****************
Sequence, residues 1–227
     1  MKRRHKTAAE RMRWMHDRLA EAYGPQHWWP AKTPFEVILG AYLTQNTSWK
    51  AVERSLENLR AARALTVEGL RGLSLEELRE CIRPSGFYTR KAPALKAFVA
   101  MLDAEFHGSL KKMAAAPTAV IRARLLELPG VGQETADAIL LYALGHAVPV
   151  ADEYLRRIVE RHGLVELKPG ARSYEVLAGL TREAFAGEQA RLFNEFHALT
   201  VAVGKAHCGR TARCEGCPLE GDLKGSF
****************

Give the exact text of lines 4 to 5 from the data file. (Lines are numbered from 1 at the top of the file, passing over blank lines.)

   101  MLDAEFHGSL KKMAAAPTAV IRARLLELPG VGQETADAIL LYALGHAVPV
   151  ADEYLRRIVE RHGLVELKPG ARSYEVLAGL TREAFAGEQA RLFNEFHALT